Click here to learn more.
It's a nightmarish thought for a
cat lover, your beloved pet going missing. If your cat came home after you'd given up hope, how would you react? Probably rejoice and move on, right?
But when Lost Cat author Caroline Paul's cat, Tibby, disappeared while Paul was recovering from an accident, then reappeared five weeks later, she couldn't leave it alone. She and her partner (and illustrator of the book), Wendy MacNaughton, embarked on a project to figure out where he went. They not only answer that question, but also end up learning some unexpected lessons about life, technology and relationships.
Q. My first question is about your previous book, Fighting Fire, but it's actually relevant: You used to be a firefighter — did you ever rescue a cat stuck in a tree?
A. I never went to a call for a cat stuck up a tree, but I did rescue a lot of animals from fires. They used to tease me and call me Doctor Dolittle because I was always concerned about animals when I went into a fire. I'd look for the food bowls or talk to the owners.
I remember one particular rescue where it was super smoky and I saw the cat sitting on the windowsill, and I know cats — they run, they're skittish. I tried to mind meld: "I'm here to get you, I'm here to get you..." I walked right up and put her in my coat. She didn't run from me — she knew what I was there for, and that was fairly typical of most of the animals. Except the first animal I rescued, who bit me — it was a little dog.
Q. After Tibby vanished and came back, one thing you did was contact pet detectives, some of whom were confused by your request.
A. Confused is actually putting it nicely. I think some people thought I was a little bit nuts.
Most pet detectives are looking for lost pets. I wanted them to figure out where my previously lost cat had been, and that flummoxed most of them. With the exception of the pet detective that used dogs, who sort of got me and was very plain and said, "It sounds like GPS is going to be your only hope."
Q. Some of them also seemed maybe a little shady?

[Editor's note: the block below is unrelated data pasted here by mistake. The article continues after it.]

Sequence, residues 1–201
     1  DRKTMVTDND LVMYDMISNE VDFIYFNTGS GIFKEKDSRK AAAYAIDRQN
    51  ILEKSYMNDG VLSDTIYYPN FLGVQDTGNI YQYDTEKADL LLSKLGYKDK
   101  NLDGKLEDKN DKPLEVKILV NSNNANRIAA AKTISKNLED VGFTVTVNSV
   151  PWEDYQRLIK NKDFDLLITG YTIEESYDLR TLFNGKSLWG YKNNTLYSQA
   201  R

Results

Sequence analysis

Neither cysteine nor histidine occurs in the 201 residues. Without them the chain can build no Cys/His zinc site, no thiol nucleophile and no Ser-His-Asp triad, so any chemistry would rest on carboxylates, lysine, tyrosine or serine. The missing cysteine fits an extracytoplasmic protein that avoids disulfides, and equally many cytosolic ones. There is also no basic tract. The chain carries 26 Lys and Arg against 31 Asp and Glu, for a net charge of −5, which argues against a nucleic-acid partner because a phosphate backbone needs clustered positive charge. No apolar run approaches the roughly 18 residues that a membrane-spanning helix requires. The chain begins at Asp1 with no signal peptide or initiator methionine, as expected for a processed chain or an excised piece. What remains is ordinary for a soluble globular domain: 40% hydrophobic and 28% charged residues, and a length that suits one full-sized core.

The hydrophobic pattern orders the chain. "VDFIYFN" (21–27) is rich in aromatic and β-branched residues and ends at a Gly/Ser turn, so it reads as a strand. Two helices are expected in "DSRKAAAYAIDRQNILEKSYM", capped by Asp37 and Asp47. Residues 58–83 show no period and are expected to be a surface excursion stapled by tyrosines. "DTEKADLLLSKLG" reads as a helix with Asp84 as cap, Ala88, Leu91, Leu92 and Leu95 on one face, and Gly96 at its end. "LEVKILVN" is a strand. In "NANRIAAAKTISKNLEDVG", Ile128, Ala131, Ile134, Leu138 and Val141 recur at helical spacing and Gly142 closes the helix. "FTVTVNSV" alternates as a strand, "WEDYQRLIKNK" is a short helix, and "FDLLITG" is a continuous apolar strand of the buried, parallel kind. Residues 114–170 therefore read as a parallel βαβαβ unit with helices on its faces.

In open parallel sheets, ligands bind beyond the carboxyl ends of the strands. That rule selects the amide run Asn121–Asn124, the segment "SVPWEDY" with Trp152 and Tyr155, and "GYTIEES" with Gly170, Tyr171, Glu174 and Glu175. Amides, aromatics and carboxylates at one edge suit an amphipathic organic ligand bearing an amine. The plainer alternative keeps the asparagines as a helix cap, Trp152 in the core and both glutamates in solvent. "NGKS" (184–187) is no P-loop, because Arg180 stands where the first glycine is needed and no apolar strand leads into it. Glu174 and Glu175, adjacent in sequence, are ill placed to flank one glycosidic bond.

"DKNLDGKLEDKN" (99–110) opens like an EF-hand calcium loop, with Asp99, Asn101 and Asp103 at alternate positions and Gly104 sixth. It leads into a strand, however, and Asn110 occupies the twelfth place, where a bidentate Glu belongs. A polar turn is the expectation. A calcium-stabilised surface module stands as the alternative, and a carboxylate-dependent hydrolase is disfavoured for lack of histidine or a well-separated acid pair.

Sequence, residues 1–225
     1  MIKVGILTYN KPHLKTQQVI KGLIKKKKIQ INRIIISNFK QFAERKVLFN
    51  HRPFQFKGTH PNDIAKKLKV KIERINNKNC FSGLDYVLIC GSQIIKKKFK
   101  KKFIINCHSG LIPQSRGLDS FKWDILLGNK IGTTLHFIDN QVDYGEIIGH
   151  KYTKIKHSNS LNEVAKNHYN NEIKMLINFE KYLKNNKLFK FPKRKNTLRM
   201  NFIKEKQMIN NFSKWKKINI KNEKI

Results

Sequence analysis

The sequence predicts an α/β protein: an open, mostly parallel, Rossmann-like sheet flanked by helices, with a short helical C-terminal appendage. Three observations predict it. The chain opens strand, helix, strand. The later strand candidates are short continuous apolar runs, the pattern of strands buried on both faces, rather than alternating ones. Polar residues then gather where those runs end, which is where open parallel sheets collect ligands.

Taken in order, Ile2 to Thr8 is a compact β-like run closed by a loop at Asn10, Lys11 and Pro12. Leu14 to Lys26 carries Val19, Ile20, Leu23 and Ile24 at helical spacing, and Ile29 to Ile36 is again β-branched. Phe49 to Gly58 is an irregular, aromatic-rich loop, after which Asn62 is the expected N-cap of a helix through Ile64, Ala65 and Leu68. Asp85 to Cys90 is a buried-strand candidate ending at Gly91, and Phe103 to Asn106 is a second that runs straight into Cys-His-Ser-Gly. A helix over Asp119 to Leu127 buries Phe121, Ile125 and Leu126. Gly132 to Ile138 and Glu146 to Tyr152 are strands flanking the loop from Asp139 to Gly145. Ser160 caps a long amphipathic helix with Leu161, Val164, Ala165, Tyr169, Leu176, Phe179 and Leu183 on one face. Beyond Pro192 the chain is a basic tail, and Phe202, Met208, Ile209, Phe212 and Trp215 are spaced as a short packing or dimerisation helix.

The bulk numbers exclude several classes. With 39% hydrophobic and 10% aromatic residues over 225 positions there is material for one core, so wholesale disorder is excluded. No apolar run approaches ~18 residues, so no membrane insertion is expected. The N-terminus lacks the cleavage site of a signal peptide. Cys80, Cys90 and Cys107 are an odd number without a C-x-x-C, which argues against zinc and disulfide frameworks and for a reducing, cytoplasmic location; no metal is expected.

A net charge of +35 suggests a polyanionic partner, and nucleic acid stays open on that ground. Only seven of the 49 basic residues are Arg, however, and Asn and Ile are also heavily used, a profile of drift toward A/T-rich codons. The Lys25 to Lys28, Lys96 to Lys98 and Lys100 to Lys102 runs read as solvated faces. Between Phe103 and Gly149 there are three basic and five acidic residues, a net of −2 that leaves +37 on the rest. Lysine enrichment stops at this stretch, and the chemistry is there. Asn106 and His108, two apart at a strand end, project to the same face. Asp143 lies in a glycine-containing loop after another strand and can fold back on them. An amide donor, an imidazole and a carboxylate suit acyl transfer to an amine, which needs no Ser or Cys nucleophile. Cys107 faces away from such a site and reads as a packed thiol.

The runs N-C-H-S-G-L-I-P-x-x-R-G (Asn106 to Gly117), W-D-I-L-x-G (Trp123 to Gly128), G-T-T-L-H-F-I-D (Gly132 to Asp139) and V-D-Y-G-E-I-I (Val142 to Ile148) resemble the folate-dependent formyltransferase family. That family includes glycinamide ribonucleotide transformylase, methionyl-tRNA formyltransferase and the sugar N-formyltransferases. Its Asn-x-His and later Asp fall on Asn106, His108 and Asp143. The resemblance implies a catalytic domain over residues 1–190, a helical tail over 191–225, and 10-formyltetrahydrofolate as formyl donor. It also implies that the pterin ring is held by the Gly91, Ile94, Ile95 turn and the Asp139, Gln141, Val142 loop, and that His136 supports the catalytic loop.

A. I don't like to judge, but the woman who kept insisting that he just couldn't find his way home — I already knew that was so not true.
Q. And that seems like an unlikely theory in general — most professionals advise that you look near your home for a lost cat, since most don't go far.
A. Some cats do get far, like if they get stuck in a car engine, but they're not like dogs that shoot straight out and keep running. But we've collected a lot of lost cat stories — some cats have been found 3,000 miles away for some unknown reason. A lot of the stories are quite miraculous, but the one thread that I've found is that if you microchip your cat, you have a much better chance of being reunited.
Like this article? Have a point of view to share? Let us know!
Thank you for subscribing to Petwire. Look for the latest newsletter each Wednesday.
Zeus, a Great Dane who held the
Guinness World Records title as the
world's tallest dog, recently passed away.
At a time when most people are thinking
of their own futures, Alfred University
students are brightening someone…
We found fan-submitted photos of cats
and dogs who we think look just like
foxes, bears, lions, monkeys and more.
Mikkel Becker shares her advice for a
frustrated owner whose Pit Bull gets
scared and refuses to budge on walks.
What happens when you cross a
Burmese with a Chinchilla Persian? You
get a Burmilla, a sweet and laid-back cat.
If the video doesn't start playing momentarily,
please install the latest version of Flash.
Thank you for subscribing.